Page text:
After taking a $5 correspondence course on how to make ice cream, childhood friends Ben Cohen and Jerry Greenfield opened their ice cream store in Vermont. This was in 1978, with  just $12,00 dollars investment cash. Now of course you can find their pints of Ben & Jerry’s ice cream in pretty much every grocery store.  In 2000 they sold their company to Unilever PLC, maintaining huge shares themselves and insisting the company continuing with their community orientated project foundation.  

Nine out of ten startups will fail. And its lack of money that kills them. Times are tough but these stories show you it IS possible for any sort of business to start and to grow – as long as it’s fuelled by unbreakable determination and some financial aid. Bank loans are increasingly hard to get, loans via friends is never a good long term idea, but how about raising money on assets you already have,  small business loans via assets– speak to us here at Almagrove Private Asset Finance.


If you’ve hit a gap in your cash flow, or set your sights on the perfect property but the coronavirus has left you out of pocket, there might be the perfect solution for you.

A frequent trend once only amongst the world’s super-rich has slowly filtered its way down to us mere mortals – use your luxury asset as loan security.

So what is an asset? An asset is an object or resource that has a high value -luxury items’- and can be converted into cash. Assets can be owned by a company or individual.

Don’t have a Monet or Jaguar sports car lying around? That’s okay- valuable luxury items vary from yachts, auction house fine wines, and artwork, to houses, classic cars, jewellery, watches  and specialist equipment/plant machinery.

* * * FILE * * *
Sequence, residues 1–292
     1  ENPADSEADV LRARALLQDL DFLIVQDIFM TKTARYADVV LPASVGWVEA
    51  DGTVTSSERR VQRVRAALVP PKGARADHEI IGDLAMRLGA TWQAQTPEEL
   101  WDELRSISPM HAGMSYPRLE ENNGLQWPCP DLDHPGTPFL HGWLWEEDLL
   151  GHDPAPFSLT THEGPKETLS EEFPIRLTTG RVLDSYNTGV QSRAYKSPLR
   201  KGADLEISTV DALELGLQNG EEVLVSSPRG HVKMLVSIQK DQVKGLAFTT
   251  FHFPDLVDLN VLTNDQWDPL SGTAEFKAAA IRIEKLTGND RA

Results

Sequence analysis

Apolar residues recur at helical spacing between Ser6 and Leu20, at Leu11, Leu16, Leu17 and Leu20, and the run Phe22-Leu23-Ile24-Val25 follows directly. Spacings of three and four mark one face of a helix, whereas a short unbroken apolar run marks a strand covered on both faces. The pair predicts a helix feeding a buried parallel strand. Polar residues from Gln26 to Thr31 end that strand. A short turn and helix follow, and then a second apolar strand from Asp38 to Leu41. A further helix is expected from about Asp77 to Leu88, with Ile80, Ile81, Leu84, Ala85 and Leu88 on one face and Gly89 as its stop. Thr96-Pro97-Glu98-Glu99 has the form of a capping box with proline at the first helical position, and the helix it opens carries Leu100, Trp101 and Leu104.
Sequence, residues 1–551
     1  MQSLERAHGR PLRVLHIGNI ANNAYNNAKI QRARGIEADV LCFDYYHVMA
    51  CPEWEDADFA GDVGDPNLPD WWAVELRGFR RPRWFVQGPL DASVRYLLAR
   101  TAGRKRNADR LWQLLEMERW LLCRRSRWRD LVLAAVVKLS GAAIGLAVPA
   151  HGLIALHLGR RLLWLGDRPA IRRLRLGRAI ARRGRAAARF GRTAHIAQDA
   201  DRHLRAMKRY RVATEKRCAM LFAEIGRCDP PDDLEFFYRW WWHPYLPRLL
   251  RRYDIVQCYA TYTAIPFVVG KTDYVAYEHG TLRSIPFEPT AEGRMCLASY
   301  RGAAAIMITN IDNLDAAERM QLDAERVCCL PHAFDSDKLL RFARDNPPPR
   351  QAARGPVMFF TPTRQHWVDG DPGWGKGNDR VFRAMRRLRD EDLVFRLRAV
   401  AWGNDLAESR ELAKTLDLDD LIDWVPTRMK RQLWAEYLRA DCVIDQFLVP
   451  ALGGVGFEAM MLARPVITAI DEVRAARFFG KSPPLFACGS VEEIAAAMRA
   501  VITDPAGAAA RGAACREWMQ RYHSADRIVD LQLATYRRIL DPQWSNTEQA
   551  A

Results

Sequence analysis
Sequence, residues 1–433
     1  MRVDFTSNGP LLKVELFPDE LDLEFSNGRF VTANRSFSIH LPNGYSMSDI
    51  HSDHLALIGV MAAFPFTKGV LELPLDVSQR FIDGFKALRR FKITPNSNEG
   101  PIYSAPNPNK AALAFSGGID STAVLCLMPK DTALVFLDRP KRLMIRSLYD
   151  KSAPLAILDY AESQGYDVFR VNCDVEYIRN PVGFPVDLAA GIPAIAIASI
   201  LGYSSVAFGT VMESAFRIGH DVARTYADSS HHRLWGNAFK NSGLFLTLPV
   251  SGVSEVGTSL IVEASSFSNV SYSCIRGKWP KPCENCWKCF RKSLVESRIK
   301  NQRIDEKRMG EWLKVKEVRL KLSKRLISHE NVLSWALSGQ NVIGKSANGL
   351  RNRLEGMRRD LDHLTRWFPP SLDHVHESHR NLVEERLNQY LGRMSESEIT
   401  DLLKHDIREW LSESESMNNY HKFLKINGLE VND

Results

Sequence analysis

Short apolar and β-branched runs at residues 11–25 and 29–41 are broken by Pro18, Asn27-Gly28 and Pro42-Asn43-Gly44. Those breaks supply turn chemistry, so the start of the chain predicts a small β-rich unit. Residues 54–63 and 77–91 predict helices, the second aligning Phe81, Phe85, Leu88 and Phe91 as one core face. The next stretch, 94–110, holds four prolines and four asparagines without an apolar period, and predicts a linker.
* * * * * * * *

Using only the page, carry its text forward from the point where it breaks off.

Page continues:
Private asset lending does just that – it lends against these valuable items.

In a world where more and more people, such as small business owners, are asset rich but cash poor, people are finding short term or long term solutions this way.

It’s a great alternative to bank loans or overdrafts, not only a much quicker process but there’s no lengthy forms, nor any credit checks.
You fill in the details online, the private asset company sends an estimated quote back. If you’re happy with the quote you then send your item securely – all arranged and insured by the company, and once your item has met the expert checks to ensure it is what you claim it to be, you accept the offer and the money wings its way to you.

Items are kept securely, insured and returned to you safely once the loan is over. The fees are kept transparent and interest is only charged up to the date of repayment.

Individuals like the discretion assured by private finance, plus the expert level valuations and the tailored-to-you service that comes with it.  Now everyone can borrow against their assets.

If you can see the potential for growth in your business, but there’s not enough readily available working capital to pursue the opportunities. Or you are reluctant to wade through all of the bank’s red tape, then what can you do?

You can release the equity from your – or your company’s –  luxury items.

Over the past few years, asset finance has become the fastest-growing finance option for businesses of all sizes, across all industries. Especially now in the end of the lockdown period, where trade has been non-existent or sparse for most businesses. And its popularity is no surprise – it’s easy, it’s straight forward and it’s fast. No credit checks, no lengthy forms and no obligation.

Here at Almagrove Ltd we apply our expertise to help you and your business grow, valuations are done at specialist level, the offers and quotes are discreet and all types of luxury high-end items are considered.